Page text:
NBN Co will upgrade the hybrid coaxial-fibre (HFC) cable networks it bought from Telstra and Optus to a new high-speed technology standard that can deliver fibre-like speeds.
As flagged in February this year, NBN Co said it would upgrade the networks to the Data Over Cable Service Interface Specification 3.1 (DOCSIS 3.1),which the company said can deliver up to 50 percent more data than is possible over current cable networks.
DOCSIS 3.1 is capable of delivering up to 10 gigabit per second downloads, and one gigabit per second uploads, NBN Co said.
The technology upgrade - to commence in 2017 - will cover over three million residential and business premises in Sydney, Brisbane and the Gold Coast, Melbourne, Adelaide and Perth.
NBN Co signed a $400 million deal with Arris Group last month to upgrade the Telstra and Optus HFC networks to a consistent standard.
New DOCSIS 3.1 compatible cable modems will be deployed by the end of the year and throughout 2016, ahead of the headend upgrade to the faster technology standard in 2017.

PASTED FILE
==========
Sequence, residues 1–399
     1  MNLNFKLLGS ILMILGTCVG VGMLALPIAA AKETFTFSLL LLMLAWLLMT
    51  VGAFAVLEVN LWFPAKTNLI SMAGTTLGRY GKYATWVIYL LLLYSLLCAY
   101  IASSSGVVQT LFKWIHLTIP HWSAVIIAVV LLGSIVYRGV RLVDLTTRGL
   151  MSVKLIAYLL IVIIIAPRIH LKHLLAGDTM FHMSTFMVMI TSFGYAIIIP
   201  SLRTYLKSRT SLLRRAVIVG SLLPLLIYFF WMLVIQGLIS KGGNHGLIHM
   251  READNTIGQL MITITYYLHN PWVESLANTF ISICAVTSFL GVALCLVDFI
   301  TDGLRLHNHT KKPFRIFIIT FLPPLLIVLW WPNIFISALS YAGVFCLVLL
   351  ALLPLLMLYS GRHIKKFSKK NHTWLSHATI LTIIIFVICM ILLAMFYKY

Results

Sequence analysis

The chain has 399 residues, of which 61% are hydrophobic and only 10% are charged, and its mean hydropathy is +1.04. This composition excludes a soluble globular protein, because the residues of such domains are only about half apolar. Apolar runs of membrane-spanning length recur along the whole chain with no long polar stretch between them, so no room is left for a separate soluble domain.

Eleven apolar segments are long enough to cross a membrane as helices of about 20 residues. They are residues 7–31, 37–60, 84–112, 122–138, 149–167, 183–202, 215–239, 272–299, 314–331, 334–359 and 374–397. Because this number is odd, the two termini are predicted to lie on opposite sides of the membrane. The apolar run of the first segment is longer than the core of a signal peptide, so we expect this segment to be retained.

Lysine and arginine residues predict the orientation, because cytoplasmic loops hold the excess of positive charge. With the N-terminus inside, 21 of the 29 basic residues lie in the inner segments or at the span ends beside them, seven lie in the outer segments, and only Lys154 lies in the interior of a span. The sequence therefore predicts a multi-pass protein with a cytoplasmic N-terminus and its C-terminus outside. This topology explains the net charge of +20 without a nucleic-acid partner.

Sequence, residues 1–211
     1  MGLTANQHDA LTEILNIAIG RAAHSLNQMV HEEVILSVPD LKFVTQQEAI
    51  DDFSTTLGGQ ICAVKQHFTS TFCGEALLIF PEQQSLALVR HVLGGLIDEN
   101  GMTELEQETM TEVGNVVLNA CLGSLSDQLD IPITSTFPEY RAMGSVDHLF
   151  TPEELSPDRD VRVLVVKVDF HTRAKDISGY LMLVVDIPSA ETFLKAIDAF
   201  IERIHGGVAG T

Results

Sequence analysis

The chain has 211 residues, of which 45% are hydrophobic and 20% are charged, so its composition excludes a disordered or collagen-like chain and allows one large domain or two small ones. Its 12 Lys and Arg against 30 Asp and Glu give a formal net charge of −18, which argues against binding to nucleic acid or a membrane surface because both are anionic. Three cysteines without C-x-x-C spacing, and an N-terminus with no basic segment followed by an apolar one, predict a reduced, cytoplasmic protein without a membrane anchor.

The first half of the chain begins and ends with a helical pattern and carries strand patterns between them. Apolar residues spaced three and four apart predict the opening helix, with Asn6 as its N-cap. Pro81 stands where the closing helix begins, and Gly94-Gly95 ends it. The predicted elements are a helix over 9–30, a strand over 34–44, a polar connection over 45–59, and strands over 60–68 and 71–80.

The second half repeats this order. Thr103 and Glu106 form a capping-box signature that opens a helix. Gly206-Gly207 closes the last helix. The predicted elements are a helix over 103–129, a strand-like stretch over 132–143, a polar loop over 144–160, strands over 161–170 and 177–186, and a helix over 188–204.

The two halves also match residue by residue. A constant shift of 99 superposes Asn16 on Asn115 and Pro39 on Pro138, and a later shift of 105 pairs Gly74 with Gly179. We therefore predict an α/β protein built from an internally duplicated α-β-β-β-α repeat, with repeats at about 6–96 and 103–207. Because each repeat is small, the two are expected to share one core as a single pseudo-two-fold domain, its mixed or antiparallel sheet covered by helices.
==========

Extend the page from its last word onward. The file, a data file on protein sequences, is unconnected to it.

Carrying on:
The company also announced it would start HFC construction trials to work out how to deploy the upgraded cable network at scale.
Around 3000 homes that are passed by the HFC network but currently do not have a connection - in three Queensland suburbs and one in New South Wales - have been selected for the trial.
An NBN Co spokesperson told iTnews that besides learning more about construction and deployment issues, the company would be looking at optimising the networks for better end-user performance through techniques such as segmentation.
The trials will start progressively from midway through this year, ahead of the large-scale integration of HFC technology into the network from 2016.